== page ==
Chief Digital Technology Officer at Tential.
After two years of steep declines in the ranks of women across all workplaces and fields, 2022 must be a year of rebuilding. The tech sector, which has long trailed most industries in the effort to achieve gender balance, has its work cut out and little time to get it done.
Women are planning to exit — soon.
A November 2021 survey of women in tech from New View Strategies revealed that 38% plan to leave their job within the next two years. Will tech businesses and organizations find ways to retain talented women and attract more? Perhaps demographic changes will force the issue.
Women are embracing the knowledge economy. Are businesses embracing their knowledge?
In the U.S. today, of the adults over 25 who have bachelor’s degrees, 39% are women and 37% are men, according to the results of research by the Pew Research Center. If you look narrowly at the recent pool of college grads, the gender gap widens. Of graduates ages 25 to 34, 46% of them are women and only 36% are men. With a knowledge economy that runs on data and the technology that maneuvers it, getting more women in the door and into tech jobs is more than a good idea. It’s a necessity.
My hope for this year is that businesses will pick up this gauntlet I'm now throwing down. For 2022, here are the four ways businesses can take more action to help women regain ground and find new places to flourish across the tech sector.MORE FROMFORBES ADVISOR
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1. Upskilling will go big. Businesses can help women fill gaps in their portfolios and future-proof their careers. Women today, and especially mothers, still bear the brunt of home-life responsibilities. Pew Research Center analysts reveal that "among married and cohabiting couples with children, mothers spend about twice as much time as fathers in housework and childcare." As a result of embracing those responsibilities, women are more likely than men to have gaps in their career paths or to have turned down learning, training and even promotions due to home and family demands.
Upskilling programs are the answer. Today, technology skill needs evolve rapidly, and IT training and certification upgrading has become a vibrant industry. Finding or building training programs that offer location and scheduling flexibility is critical to helping women — and all technologists — sharpen skills that will keep them competitive and connected to the workplace.
2. Search firms will wise up and women up. A search firm executive who says "there are no women candidates out there" isn't fit to hold a title with the word "search" in it. The college data above shows us that universities, colleges and community colleges are producing plenty of educated and smart women. Tech growth and IT talent demand have long made it a reality that no one needs a degree in computer science to have a career in tech. With more women grads than men and no degree restrictions, the talent pool is bigger than many search firms would make you think.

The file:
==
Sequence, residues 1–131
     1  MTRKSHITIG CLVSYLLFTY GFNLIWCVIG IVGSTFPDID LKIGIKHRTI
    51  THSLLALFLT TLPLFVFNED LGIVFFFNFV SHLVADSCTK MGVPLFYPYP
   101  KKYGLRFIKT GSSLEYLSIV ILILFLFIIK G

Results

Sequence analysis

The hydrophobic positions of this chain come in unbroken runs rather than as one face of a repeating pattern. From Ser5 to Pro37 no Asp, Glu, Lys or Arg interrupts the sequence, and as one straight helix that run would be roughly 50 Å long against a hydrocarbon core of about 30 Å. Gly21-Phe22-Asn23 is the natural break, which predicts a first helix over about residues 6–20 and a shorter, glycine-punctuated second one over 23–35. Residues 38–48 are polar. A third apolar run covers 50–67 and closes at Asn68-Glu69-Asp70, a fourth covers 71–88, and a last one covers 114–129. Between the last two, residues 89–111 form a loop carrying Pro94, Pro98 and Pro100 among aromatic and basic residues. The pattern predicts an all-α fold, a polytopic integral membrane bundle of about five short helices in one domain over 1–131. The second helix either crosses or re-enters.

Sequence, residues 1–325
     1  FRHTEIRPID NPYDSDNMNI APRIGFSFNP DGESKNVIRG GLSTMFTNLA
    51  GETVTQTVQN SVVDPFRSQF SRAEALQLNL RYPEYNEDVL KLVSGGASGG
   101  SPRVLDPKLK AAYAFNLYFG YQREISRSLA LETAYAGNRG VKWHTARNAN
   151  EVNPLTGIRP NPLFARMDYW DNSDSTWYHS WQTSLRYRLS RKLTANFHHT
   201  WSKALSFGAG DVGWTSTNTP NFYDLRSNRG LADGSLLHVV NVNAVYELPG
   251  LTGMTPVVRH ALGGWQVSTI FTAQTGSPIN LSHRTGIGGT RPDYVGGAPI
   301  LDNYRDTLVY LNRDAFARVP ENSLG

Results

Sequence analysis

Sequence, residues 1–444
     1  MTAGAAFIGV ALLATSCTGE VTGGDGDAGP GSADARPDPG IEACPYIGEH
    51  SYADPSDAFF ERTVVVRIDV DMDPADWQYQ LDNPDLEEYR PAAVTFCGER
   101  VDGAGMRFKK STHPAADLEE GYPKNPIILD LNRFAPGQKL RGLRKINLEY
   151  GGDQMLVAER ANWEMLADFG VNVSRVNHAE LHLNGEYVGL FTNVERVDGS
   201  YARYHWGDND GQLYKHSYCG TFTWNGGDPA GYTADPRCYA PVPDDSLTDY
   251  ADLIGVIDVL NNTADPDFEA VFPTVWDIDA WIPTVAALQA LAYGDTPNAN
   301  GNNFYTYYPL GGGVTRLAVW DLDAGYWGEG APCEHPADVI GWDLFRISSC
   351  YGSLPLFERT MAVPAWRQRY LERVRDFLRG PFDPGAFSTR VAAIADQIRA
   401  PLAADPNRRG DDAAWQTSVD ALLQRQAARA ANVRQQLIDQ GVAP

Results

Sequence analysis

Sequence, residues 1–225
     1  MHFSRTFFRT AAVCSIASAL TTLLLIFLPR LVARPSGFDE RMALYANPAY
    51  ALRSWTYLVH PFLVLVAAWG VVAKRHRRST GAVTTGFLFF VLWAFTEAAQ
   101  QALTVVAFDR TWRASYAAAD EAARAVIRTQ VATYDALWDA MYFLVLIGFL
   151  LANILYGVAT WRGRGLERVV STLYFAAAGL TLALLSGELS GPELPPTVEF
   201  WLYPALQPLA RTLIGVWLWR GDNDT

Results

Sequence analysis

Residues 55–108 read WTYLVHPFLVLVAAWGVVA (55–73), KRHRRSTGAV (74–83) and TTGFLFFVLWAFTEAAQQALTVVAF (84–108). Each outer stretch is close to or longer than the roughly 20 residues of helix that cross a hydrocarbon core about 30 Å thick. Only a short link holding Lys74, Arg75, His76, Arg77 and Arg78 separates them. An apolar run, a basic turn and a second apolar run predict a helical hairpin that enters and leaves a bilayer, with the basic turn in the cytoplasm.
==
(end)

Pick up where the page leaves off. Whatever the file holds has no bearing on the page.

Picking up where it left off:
Search firm leaders need to focus on adapting their recruiting efforts to ensure they're casting a bigger, more relevant net that includes women grads and professionals who might not fit the rigid molds of the typical IT worker. These rigid molds haven't worked so far in bringing a lot of women into tech, and working with search firm personnel who refuse to break out of them will continue to limit recruiting options.
3. Radical flexibility will endure. The pandemic made radical workforce flexibility a requirement for businesses, and it allowed for impressive transformations. Remote work flourished and it didn’t harm productivity. For many technologists and knowledge workers of all kinds, it was an eye-opening look at the many benefits of working from home.
Businesses that maintain radical flexibility, allowing remote and hybrid work without negative career consequences, will see more candidates in general. They'll also attract women technologists looking for ways to balance their home-life responsibilities with tech career opportunities.
4. Women in tech will advance together. As someone who has spent a long time in her career as the only woman in the room or one of a few, I know how hard it is for women to find strength in numbers in the tech sector. But that’s changing, and women professionals can do a lot to accelerate that change. From speaking up when other women are left out of important meetings and decisions to providing mentoring and training opportunities, women in tech can be essential career supporters and cheerleaders.
The U.S. National Women’s Soccer Team has been a united front in pushing for equity and recognition in a male-dominated career field. What an example for those of us in technology to remember: As a team, we're stronger and will get more done together.
The high-growth, high-paying career opportunities of the tech sector are simply not enough to attract and retain women in 2022. It’s going to take more. From skills development programs to expanded workplace flexibility to inclusive-minded talent acquisition vendors and women working together to promote and include each other, increasing the ranks of women in tech is a goal that requires several strategies and a commitment by everyone to change the numbers in big ways.
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